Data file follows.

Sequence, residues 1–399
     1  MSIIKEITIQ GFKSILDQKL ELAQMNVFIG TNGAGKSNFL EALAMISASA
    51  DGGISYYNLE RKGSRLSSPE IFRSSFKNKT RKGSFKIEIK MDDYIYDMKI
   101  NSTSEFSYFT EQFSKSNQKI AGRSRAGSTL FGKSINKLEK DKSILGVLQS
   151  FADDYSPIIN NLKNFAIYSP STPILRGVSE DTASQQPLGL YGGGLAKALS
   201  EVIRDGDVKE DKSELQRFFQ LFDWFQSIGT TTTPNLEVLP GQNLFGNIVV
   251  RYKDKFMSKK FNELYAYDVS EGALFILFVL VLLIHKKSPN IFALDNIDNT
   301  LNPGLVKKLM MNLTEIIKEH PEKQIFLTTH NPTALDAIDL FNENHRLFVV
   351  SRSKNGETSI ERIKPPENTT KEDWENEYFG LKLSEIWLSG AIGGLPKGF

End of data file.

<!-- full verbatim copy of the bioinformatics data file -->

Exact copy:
Sequence, residues 1–399
     1  MSIIKEITIQ GFKSILDQKL ELAQMNVFIG TNGAGKSNFL EALAMISASA
    51  DGGISYYNLE RKGSRLSSPE IFRSSFKNKT RKGSFKIEIK MDDYIYDMKI
   101  NSTSEFSYFT EQFSKSNQKI AGRSRAGSTL FGKSINKLEK DKSILGVLQS
   151  FADDYSPIIN NLKNFAIYSP STPILRGVSE DTASQQPLGL YGGGLAKALS
   201  EVIRDGDVKE DKSELQRFFQ LFDWFQSIGT TTTPNLEVLP GQNLFGNIVV
   251  RYKDKFMSKK FNELYAYDVS EGALFILFVL VLLIHKKSPN IFALDNIDNT
   301  LNPGLVKKLM MNLTEIIKEH PEKQIFLTTH NPTALDAIDL FNENHRLFVV
   351  SRSKNGETSI ERIKPPENTT KEDWENEYFG LKLSEIWLSG AIGGLPKGF